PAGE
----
Have you noticed that Maryland squirrels have gotten rather chubby this winter? Whether you drive through country roads or walk through public parks, you’ve probably stopped to marvel at a furry, chunky fluff-ball of a squirrel at least once this season. And despite their evident weight gain, the squirrels you saw were probably munching on more food! Why have squirrels gotten so fat? And what does this mean for Maryland homeowners? We’ll answer these and other questions in a bit. But first, here is one chunky squirrel spotted in Wisconsin.
Why Are Squirrels Getting Fatter?
First of all, there is nothing unusual about squirrels gaining weight in the fall and winter. They do this so that they can survive winter when temperatures drop and food resources are scarce. Squirrels don’t hibernate, so in winter they live off the nut stashes they prepared beforehand, as well as go out to forage for more periodically. And when the temperatures drop below freezing, they have nice padding of fat to keep them warm and provide energy.
However, this winter has been rather mild in many parts of the world, including Canada, the UK, and the United States. Maryland is no exception—we’ve seen t-shirt weather around Christmas. This unnatural warmth has allowed squirrels to feed later in the season, which in turn caused them to gain a bit more weight than usual. In addition to the warm weather that allows squirrels to stay outside and forage, there has also been a boom in the number of nuts and seeds this year. Local Maryland and DC oak trees have produced massive amounts of acorns at the end of 2015. Hickory trees and black walnut trees also had a plentiful harvest. This abundance of food leaves plenty of opportunities for squirrels to overindulge and expand beyond their normal winter chubbiness.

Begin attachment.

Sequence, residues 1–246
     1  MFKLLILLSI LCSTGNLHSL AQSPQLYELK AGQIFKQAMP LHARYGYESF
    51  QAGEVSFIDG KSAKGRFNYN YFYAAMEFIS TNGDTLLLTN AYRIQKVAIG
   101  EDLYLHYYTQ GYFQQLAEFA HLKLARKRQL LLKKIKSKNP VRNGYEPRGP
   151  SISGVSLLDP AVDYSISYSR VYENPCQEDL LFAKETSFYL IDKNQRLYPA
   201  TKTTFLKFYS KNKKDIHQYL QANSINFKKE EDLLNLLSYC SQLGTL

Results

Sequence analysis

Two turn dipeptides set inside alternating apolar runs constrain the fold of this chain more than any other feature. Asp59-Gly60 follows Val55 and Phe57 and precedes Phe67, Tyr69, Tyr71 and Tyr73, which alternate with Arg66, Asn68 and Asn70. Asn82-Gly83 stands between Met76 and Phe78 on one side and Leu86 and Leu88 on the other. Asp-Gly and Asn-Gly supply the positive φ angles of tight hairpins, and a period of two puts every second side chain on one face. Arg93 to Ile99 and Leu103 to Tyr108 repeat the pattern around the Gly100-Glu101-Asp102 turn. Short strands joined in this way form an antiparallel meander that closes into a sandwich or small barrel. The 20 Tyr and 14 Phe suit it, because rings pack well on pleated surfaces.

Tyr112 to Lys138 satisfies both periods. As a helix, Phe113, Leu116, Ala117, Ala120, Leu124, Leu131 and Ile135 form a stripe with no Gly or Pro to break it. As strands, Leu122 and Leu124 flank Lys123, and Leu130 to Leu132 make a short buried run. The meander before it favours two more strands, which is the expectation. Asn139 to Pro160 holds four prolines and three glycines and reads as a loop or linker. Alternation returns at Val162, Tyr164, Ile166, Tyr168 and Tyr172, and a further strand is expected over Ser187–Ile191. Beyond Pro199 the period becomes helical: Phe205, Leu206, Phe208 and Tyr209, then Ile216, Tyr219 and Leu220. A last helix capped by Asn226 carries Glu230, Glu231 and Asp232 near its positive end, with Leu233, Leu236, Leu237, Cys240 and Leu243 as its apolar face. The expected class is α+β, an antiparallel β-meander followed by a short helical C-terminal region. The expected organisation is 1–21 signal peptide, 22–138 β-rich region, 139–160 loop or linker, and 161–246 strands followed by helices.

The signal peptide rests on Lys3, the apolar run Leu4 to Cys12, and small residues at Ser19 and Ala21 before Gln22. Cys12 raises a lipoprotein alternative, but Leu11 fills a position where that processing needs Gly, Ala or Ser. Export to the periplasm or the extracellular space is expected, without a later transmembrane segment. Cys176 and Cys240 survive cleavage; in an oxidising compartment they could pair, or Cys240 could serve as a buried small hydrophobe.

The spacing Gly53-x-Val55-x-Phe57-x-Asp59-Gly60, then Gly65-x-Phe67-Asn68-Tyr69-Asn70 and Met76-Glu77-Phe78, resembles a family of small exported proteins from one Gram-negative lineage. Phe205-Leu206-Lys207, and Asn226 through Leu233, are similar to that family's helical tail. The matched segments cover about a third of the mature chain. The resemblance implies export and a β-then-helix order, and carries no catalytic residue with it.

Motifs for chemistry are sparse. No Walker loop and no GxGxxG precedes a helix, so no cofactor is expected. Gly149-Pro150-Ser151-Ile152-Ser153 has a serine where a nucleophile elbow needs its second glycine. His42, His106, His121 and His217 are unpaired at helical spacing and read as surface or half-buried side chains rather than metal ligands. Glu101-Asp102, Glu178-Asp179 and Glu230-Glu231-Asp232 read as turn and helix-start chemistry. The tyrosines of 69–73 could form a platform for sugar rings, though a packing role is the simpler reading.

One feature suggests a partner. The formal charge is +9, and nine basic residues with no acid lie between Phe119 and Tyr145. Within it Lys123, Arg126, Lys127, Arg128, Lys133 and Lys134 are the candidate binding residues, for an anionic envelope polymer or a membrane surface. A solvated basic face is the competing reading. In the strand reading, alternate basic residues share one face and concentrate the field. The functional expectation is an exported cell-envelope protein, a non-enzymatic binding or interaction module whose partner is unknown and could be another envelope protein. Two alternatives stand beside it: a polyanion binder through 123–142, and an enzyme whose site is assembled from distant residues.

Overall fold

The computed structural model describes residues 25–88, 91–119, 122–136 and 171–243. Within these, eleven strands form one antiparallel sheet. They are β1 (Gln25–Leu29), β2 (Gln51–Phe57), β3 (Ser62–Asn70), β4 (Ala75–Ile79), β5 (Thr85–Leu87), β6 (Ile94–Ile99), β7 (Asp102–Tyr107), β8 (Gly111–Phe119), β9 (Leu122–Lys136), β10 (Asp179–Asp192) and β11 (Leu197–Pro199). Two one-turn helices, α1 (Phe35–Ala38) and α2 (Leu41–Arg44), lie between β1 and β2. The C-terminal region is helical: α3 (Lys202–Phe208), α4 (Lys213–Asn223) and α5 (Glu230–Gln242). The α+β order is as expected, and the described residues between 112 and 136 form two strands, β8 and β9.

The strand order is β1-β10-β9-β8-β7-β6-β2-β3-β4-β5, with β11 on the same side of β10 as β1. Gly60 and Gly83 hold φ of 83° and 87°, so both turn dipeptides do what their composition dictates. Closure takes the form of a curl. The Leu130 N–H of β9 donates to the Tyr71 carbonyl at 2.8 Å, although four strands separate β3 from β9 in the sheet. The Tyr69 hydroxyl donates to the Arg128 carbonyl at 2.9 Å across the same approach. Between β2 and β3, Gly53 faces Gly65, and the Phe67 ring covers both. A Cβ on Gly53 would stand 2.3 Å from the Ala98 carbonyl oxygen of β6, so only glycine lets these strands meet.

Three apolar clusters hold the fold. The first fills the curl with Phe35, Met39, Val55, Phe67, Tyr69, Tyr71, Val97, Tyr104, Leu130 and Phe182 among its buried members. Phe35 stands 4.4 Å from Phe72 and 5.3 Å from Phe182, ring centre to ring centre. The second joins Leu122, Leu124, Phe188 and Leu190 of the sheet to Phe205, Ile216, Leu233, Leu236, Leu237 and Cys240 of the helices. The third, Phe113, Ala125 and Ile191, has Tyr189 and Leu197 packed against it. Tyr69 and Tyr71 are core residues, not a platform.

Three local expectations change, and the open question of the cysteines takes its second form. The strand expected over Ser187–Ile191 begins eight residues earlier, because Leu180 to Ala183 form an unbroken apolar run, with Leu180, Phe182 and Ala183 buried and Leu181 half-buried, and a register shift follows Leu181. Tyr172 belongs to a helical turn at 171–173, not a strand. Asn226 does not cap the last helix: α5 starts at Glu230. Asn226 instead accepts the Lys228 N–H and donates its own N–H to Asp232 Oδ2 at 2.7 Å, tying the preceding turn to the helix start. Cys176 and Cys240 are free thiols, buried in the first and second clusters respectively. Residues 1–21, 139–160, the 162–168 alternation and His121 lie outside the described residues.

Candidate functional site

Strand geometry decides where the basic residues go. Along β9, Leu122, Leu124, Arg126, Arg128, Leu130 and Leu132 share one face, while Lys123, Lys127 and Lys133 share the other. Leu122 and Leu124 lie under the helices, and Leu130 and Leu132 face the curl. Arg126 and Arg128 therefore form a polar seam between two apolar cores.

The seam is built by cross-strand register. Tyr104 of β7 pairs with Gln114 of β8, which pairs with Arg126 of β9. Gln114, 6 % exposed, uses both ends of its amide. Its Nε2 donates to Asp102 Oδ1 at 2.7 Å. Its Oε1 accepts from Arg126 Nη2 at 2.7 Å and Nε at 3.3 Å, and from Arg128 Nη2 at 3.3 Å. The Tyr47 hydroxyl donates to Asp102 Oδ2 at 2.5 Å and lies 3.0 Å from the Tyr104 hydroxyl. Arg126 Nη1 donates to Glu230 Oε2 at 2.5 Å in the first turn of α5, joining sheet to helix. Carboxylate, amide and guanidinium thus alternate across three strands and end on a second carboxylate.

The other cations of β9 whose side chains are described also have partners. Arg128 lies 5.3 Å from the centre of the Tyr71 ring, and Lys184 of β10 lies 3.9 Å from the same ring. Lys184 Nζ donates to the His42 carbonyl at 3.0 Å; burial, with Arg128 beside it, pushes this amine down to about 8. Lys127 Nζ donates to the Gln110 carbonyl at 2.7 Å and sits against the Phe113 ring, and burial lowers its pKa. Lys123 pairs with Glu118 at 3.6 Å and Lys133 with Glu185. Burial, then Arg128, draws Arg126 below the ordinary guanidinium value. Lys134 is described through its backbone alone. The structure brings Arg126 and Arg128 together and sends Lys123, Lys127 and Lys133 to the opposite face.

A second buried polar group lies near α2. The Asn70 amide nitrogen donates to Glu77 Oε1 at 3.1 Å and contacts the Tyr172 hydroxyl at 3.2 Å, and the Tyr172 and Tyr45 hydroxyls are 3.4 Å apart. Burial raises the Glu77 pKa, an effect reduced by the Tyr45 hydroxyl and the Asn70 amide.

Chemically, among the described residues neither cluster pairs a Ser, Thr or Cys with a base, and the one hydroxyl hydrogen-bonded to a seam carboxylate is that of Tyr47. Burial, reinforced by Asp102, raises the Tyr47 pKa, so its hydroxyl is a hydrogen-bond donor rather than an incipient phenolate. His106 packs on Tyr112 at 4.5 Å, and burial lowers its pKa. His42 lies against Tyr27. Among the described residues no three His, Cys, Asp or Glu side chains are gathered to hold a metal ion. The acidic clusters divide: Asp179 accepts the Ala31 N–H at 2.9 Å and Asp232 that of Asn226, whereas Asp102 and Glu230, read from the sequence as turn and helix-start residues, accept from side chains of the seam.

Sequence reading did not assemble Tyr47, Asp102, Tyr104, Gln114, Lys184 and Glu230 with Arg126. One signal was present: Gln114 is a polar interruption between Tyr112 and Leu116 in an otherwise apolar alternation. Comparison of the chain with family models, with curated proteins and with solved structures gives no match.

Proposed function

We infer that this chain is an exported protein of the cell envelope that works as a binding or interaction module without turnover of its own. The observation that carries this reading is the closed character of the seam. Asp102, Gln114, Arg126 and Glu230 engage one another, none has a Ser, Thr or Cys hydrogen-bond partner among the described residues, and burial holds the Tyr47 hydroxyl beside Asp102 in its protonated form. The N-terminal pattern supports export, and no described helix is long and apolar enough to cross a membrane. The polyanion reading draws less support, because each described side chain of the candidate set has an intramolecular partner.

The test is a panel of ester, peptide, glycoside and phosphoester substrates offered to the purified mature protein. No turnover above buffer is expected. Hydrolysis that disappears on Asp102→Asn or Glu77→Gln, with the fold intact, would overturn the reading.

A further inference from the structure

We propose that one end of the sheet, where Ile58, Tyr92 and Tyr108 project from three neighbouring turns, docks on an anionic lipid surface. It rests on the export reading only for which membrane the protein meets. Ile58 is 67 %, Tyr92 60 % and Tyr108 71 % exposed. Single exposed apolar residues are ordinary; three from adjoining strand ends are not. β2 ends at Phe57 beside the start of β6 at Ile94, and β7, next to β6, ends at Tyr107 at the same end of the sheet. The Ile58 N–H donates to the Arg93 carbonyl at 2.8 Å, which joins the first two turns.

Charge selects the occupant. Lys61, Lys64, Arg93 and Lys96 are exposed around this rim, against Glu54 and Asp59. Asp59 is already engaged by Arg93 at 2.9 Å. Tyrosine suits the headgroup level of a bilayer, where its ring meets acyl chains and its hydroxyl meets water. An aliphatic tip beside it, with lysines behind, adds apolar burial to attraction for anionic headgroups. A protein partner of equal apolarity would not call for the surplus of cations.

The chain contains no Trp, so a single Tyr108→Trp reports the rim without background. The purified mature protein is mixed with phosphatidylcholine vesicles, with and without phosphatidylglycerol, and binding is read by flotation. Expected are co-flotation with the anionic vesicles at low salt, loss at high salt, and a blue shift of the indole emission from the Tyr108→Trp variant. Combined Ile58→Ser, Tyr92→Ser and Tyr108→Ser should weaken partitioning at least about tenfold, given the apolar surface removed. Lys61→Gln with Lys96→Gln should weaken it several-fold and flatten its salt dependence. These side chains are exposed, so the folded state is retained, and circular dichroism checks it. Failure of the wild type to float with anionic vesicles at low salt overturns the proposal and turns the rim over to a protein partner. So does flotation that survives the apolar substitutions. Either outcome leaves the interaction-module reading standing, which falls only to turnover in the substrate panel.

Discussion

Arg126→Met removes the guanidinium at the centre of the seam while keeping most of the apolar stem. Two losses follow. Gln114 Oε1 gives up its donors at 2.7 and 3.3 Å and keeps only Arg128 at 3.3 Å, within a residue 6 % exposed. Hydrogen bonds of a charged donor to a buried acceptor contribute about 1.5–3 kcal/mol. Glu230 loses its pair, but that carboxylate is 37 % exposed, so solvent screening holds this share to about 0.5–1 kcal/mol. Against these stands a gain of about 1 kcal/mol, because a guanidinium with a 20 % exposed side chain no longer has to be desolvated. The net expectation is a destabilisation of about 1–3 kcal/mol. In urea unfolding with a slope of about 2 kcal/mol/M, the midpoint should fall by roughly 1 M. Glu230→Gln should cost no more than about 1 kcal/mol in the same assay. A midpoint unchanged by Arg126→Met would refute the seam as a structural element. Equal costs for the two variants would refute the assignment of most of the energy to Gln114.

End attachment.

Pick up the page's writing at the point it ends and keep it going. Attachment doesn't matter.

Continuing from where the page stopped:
What Does This Mean for Maryland Homeowners?
At this point, seeing a fat squirrel probably makes you chuckle and puts a smile on your face. However, the fact that so many squirrels are not only surviving winter but are doing better than just fine should worry you a bit. Consider that each of the female squirrels that makes it through the winter will give birth to 2-6 baby squirrels this spring. If this squirrel is living in your attic, that’s 2-6 little squirrels chewing on your rafters and electrical wiring. In view of the squirrel population boom expected this spring in many areas of Maryland, it’s worth taking some precautions to protect your home. Because homes in Germantown, Gaithersburg, Rockville, and many other Maryland locations often have wooden soffits and siding, it’s easy for squirrels to chew through these surfaces and enter your attic. At Mid-Atlantic Wildlife Control, we can help you by evaluating any weak points and squirrel-proofing the exterior of your home. And if you suspect that one of these chubby squirrels has already taken up a residence in your attic, we’ll be happy to humanely evict it for you, just give us a call!